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Extinct meteorite changes our understanding of the solar system

Geologist Birger Schmitz from Lund University in Sweden has found the fossil of an extinct meteorite that collided with Earth about 470 million years ago. The finding is the first of its kind and of a type of meteorite that no longer falls on Earth. The discovery, which could lead to new knowledge about our solar system, attracts attention both nationally and internationally.
Scientists have identified a completely new type of meteorite. Photo: B. Schmitz
Scientists have identified a completely new type of meteorite. Photo: B. Schmitz

No one knows what the flow of meteorites to Earth has been like over the last 500 million years, or before that. Researchers have simply assumed that the composition of the meteorites was the same back then as it is now and that the flow of meteorites remained the same over time. But this is probably not the case, according to Birger Schmitz who made the discovery at a quarry by Kinnekulle outside Lidköping, together with Mario Tassinari, honorary doctor at Lund University.

The discovered fossil turns our current understanding of meteorites upside down, because the type is not represented among present-day meteorites. It has a different composition than all known groups of meteorites.

“This gives us a strong indication that, contrary to current perception, the difference between the meteorite flow to Earth 470 million years ago and now may be as great as when comparing wildlife back then to animals of today”, says Birger Schmitz.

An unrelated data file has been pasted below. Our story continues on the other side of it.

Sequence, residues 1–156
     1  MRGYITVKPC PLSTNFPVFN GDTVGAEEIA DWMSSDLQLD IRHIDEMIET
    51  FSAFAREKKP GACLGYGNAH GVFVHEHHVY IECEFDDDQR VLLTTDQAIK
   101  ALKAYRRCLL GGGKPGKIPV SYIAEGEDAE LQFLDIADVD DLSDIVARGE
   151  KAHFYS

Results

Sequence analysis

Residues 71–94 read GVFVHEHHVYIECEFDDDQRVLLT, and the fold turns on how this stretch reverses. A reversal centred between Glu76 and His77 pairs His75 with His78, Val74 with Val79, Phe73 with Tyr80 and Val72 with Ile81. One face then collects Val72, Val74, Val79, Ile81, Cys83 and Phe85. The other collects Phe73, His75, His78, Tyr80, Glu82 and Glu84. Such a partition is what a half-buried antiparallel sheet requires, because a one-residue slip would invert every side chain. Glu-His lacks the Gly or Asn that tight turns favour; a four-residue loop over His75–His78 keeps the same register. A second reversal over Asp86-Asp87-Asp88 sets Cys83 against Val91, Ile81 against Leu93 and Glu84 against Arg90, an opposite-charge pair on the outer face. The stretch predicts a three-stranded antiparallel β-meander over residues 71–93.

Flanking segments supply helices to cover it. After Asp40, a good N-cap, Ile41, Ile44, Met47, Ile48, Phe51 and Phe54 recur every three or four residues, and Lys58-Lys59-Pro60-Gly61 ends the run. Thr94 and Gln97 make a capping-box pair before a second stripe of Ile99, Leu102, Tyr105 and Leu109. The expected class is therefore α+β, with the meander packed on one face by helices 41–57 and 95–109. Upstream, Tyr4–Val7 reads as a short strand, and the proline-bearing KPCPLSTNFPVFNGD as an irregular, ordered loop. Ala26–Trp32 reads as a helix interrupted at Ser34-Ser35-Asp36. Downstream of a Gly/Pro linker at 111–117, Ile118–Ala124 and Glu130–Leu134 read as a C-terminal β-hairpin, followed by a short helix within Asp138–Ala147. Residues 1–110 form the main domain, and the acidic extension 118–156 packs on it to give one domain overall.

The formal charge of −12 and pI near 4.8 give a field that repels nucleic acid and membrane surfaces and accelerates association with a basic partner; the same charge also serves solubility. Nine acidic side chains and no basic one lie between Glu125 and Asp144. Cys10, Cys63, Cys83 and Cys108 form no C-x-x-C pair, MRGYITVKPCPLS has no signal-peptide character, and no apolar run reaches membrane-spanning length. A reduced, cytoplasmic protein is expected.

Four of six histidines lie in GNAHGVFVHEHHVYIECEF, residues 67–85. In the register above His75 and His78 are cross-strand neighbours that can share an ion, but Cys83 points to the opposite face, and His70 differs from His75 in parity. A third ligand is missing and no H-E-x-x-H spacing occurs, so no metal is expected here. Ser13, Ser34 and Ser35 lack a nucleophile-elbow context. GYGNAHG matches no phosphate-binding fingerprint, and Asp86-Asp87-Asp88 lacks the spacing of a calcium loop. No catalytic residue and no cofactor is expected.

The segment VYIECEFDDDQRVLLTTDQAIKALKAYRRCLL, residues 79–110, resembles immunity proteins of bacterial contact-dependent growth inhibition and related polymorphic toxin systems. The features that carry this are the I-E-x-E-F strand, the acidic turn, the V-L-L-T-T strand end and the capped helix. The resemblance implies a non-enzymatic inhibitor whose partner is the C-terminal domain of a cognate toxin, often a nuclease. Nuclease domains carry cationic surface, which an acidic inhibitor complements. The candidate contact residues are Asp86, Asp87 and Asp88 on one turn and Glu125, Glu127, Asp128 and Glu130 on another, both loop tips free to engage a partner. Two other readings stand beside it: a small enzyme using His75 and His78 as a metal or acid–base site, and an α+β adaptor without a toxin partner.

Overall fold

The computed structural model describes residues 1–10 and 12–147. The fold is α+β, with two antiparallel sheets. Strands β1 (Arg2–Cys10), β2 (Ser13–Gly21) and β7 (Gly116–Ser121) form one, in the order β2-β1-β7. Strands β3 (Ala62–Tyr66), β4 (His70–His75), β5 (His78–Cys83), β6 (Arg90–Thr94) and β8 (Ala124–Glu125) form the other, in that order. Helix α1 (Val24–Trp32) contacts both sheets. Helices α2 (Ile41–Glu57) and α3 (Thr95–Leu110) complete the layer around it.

He and Mario Tassinari therefore call it an “extinct meteorite” – a sort of meteorite dinosaur. By extinct they mean a meteorite whose parent body was destroyed in ancient times, and which will therefore never again fall on Earth.

The finding indicates that today’s meteorites do not fully represent what is in the asteroid belt. According to Birger Schmitz, different processes in space could affect from which parts of the asteroid belt the meteorites come during different geological periods.

“The extinct meteorite that we discovered will profoundly change the perception of what meteorites are. Our understanding of the history of our solar system is perhaps largely based on a highly fragmentary sample of the material that is actually out there. If so, it will have major consequences”, says Birger Schmitz.

The limestone quarry in Sweden where the one-of-a-kind 470-million-year-old meteorite was discovered. Photo: B. Schmitz
The limestone quarry in Sweden where the one-of-a-kind 470-million-year-old meteorite was discovered. Photo: B. Schmitz

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